After kicking this idea around in my head for months, I’m finally ready to launch this site. Updates may be sporadic due to travel and health constraints, but I’ll do the best I can. I’m excited to use the Toymaker Project to explore technological empowerment, sexuality and pleasure.
What is technological empowerment, anyways? The basic idea is that someone who is technologically empowered has taken some piece of technology and modified it to meet their own needs. I’m defining technology here pretty broadly — not just computers and high-tech gadgets, but almost anything that people make. In that sense, a computer and a mixing bowl are both human technology.
I first heard the phase “technological empowerment” when I was a graduate student. One of the labs I worked in did a number of projects which were designed to promote technological empowerment. When I started researching this blog post, I found several mentions of the term in papers from my colleagues1, but I couldn’t find a technical definition. The best I can do right now is to provide a few examples.
If you buy a cell phone, and you use it to call your friends, that makes you a consumer of technology…but that doesn’t really demonstrate technological empowerment. You aren’t really changing it to meet your needs or building something new.2
Where things get interesting is when people start modifying, adapting, or building technology to meet their own needs. So if you take that new cell phone, and you build a new antenna for it, or you write a brand new app, that’s technological empowerment. Or maybe you don’t like the case that the phone came with, so you stick some sugru on it for some extra shock protection. In any case, the technology as it is–the cell phone, its case or its software right of the box–doesn’t quite work for you. So you hack it or you build something new: that’s technological empowerment.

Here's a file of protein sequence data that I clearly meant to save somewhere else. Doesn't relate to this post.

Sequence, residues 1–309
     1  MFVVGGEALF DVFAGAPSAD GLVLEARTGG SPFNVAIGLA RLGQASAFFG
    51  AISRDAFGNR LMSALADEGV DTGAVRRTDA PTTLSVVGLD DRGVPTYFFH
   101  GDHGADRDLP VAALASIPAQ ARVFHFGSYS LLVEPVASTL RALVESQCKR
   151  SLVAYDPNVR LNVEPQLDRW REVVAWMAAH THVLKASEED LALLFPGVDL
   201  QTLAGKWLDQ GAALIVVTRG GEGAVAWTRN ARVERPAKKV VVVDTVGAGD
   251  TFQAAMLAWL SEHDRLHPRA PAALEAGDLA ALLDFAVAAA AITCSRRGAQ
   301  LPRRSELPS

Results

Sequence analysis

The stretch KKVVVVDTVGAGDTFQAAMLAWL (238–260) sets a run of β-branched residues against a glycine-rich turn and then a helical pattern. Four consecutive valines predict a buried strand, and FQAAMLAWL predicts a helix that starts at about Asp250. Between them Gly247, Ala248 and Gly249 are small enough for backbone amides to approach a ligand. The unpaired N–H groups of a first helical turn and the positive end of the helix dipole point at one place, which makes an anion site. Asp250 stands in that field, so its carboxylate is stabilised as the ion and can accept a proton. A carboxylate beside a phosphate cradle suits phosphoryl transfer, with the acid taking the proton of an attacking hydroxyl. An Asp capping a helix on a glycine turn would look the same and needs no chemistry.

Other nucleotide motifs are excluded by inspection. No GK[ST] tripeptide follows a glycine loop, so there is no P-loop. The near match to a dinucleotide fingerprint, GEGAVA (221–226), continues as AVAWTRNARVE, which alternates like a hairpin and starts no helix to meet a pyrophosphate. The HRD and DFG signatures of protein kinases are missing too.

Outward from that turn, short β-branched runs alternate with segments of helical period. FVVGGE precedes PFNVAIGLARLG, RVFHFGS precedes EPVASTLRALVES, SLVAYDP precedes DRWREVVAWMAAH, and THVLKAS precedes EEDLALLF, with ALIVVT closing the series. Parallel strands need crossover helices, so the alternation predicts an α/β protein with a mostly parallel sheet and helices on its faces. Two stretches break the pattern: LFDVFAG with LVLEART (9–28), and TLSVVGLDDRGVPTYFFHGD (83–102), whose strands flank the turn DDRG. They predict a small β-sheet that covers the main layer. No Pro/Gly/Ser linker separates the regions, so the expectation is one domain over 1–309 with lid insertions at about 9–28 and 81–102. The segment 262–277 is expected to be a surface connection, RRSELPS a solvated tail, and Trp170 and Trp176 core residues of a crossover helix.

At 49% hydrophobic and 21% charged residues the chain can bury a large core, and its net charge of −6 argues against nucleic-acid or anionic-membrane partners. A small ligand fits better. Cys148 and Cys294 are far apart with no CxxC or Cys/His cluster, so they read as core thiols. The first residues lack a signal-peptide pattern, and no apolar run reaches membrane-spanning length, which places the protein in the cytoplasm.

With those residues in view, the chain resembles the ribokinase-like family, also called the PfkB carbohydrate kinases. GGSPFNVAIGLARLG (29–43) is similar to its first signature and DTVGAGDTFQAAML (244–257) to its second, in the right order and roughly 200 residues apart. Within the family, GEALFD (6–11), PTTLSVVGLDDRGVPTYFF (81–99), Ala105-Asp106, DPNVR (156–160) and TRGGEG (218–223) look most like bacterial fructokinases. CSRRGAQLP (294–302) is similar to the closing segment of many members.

The DIY (Do It Yourself) movement is all about technological empowerment. If you flip through the pages of Make magazine, you stroll through Maker Faire, or you click through Lifehacker or Instructables, you’ll see many more examples.
What does technological empowerment have to do with sexuality? For hundreds, if not thousands of years, people have been making things for their own pleasure. (If you want to see some really old sex toys from around the world, go check out the Sex Museum in Amsterdam.) These days it is easier than ever to become a consumer of sexual technology. Thanks to the growth of the internet, you can now buy a dizzying array of sex toys and equipment from your own home.
Beyond becoming consumers, the next step is for people to do it themselves. No two people have the exact same biology, sexuality, needs or desires. I don’t believe that off-the-shelf sex toys or equipment can meet everyone’s needs. Commercial products also tend to be very expensive, so DIY alternatives can help to make toys more accessible. Promoting technological empowerment for sexuality and pleasure is about enabling people to build and modify objects around them so they can have the kinds of experiences that they want to have.